Sale of assets used for sci entific research. 6. Law of Income Tax. Allahabad. Direct Taxes Laws Practice. Investments and Capital Gains. Law Publishers. Suggested Readings : 1. Bharat Publishing House. 6. 5. Vinod K. Shutting down or continuing operations. 3. Computation of the amount of corporate tax l iability. Nature and scope of tax planning and management in the corporate sector. France. Tax on income distributed to unit holders. Case Studies : Some case studies involving the learning are required to be discussed. Sampath Iyengar. Tax on distributed profits of domestic companies. Tax planning with reference to managerial decisions: Owning or leasing of an asset. 4.A. : 100 Objective : The aim of this course is to familiarize the student with major latest provisions of the Indian tax laws and related judicial pronouncements pertaining to corporate enterprises having implications for various aspects of Corporate planning with a view to de rive maximum possible tax benefits admissible under the law. UK. Germany. Taxmann’s Direct Taxes Planning and Management. Bonus Share. E.C. Justification of corporate tax planning and management. 5. Marks. Taxman. tax evasion and tax avoidance. Tax Planning in respect of amalgamation or de -merger of companies or Slump sale or conversion of a firm into a company. Repairing. 4. Corporate Tax Planning. purchasing of assets by installment system or Hire System. 7. Tata McGraw Hill. Foreign collaborations and incidence of taxation on domestic companies . The Tax and Corporate Law Weekly.Tax in India. Singhania. Implications of Tax concessions and incentives for corporate decisions in respect of setting up a new business. manufacturing or buying. 3. Dividend Policy. . etc. important Double Taxation Avoidance Agreements with different countries like USA. Tax planning with reference to financial management decisions: Capital structure decisions.S. Minimum Alternate Tax. renewing or renovating an asset. Max. location of bu siness and nature of business. 1961. A. V. 79 of Income -tax Act. replacing. 2. Allahabad. 8. Wishwa Prakashan. Bhagmati Prasad. Course Outline: 1. Sundaram. provisions for relief in respect of double taxation. Meaning of tax planning and management. Srinivas. Computation of taxable income of companies.Course 7141 : CORPORATE TAX PLANNING Time : 3 Hrs. 2. Commentaries on the Law of Income. Computation of corporate tax: Carry forward and set off of losses in the case of certain companies under Sec. Purchasing of an asset out of own funds or out of borrowed capital.

Direct and indirect taxes – inflation adjustment schemes in selected countries. 9. Tax havens – Anti-avoidance measures. proportional and regressive taxes. OECD classification. Taxes and savings. Set off and carry forward of losses – Rebates – tax incentives for savings. Distribution of taxation powers between the Center and the States in the constitution of India. Ad-valorem and specific taxes. 6. P rogressive. Administrative costs. Richard Musgrave and Peggy Musgrave.GDP ratio – relative roles of direct and indirect taxes. taxable capacity and tax effort. Rationale. 2. Tax treatment of capital gains – Main features of company taxation – Taxation of partnership firms – Taxation of small traders (presumptive tax) – Tax amnesties. Case Studies: Some case studies involving the learning from the course. 4.Course 7142 : PRINCIPLES AND PRACTICE OF TAXATION AND INDIAN TAX SYSTEM Time : 3 Hrs. 3. International comparison of taxes. 5 th Edition. 8. Trends in tax. . Suggested Readings: 1. United Nations Model – International tax avoidance and evasion. 7. Max. Double tax treaties: OECD Models. Ability -to-pay principle of taxation. Marks. T ax avoidance and tax evasion – Tax ratio. Public Finance in Theory and Practice (New York: McGraw Hill Book Company. Residential status and income tax liability – incomes exempt from tax – tax holiday schemes. Incidence of Taxation: Factors determ ining extent of tax shifting – Taxation and efficiency: Excess burden of taxation. transfer pricing. Course Outline : 1. Problems created by tax incentives. : 100 Objective : The purpose of this course is to familiarize and update the students with the basic principles of taxation and the actual operation of income tax in the Indian economy. Restrictions on the taxation powers of the States. Comp liance costs – Tax incentives: Various forms. Rationale for constitutional arrangements. The problems of international double taxation – The assignment rules: source versus residence – methods to alleviate international tax duplication: Tax credit relief. Taxes and inflation. shar ing of Central taxes. 10. Taxes and Labour supply – Tax equity : Benefit principle of Taxation. 5. Distribution of tax burden – Buoyancy and elasticity of tax revenue – Tax evasion. Tax bases and tax policy – Determinants of tax yield – Classification of taxes: Direct and indirect taxes. 1989). Tax -GDP ratios.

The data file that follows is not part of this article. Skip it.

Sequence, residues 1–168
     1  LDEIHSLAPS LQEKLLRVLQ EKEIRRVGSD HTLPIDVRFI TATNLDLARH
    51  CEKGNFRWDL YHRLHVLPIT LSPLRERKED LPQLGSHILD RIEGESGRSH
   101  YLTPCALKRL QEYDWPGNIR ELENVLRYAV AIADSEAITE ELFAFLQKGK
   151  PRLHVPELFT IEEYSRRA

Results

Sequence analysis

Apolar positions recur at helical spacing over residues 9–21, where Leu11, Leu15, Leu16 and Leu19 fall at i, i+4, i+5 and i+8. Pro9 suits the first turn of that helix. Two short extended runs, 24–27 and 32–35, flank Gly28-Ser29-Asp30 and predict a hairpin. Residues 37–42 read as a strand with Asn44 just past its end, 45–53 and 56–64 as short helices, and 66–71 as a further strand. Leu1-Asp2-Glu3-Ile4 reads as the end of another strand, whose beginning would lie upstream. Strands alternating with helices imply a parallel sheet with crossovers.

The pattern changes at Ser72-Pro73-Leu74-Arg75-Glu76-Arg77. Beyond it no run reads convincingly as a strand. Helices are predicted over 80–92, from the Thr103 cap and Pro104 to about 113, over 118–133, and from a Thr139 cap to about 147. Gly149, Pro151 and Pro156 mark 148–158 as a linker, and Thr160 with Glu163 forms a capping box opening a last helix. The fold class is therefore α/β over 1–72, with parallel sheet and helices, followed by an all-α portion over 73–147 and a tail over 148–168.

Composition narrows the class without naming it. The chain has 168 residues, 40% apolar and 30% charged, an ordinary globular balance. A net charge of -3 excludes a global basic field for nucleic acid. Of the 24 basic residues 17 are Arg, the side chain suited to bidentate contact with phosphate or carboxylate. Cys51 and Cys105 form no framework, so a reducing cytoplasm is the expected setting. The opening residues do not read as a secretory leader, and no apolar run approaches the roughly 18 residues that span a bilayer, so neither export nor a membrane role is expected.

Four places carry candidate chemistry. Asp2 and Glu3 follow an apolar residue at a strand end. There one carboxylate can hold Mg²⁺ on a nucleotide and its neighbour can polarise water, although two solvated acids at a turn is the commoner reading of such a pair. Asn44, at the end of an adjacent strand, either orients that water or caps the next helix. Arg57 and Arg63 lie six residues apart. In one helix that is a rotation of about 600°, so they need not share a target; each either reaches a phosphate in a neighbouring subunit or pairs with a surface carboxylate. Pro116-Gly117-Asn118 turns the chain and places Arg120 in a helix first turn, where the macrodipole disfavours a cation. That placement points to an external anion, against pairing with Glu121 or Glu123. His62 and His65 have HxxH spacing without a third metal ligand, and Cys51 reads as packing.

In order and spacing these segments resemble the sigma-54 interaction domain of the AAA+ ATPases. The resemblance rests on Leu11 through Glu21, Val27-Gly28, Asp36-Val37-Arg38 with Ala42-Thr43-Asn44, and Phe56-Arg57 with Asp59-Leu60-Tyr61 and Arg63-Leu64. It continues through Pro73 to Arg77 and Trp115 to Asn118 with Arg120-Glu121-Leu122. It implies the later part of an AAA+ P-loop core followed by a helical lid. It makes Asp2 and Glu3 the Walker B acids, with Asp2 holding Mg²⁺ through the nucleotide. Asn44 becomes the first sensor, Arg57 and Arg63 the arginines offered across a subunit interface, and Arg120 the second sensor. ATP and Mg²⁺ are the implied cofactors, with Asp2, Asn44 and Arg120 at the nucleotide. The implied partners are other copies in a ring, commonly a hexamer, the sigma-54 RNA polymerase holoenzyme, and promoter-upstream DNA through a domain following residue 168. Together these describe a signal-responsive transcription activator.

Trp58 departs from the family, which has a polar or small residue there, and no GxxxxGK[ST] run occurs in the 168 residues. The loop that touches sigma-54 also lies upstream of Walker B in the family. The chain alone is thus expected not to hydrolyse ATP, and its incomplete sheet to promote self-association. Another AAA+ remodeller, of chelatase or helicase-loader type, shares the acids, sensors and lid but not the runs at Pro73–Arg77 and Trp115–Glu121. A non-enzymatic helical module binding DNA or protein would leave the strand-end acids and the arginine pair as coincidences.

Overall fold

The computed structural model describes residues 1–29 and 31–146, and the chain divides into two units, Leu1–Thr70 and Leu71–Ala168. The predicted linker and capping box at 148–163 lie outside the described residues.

Report of the Indirect Taxation Enquiry Committee (Chairman. Government of India. Government of India . Government Finance in Developing Countries (New Delhi. 4. 5. Singhania. Ministry of Finance.2. 1947-48 to 1984-85 (New Delhi.Jha).K. L. 1986) 3. Richard Goode. Vinod K.. 1984). ) Latest edition.. Ministry of Finance. Speeches of Union Finance Ministers. TataMcGraw Hill Publishing Company Ltd. . Direct Taxes: Law and Practice (Delhi :Taxmann Publications (P) Ltd. Part I (November 1977) and Part II (January 1978).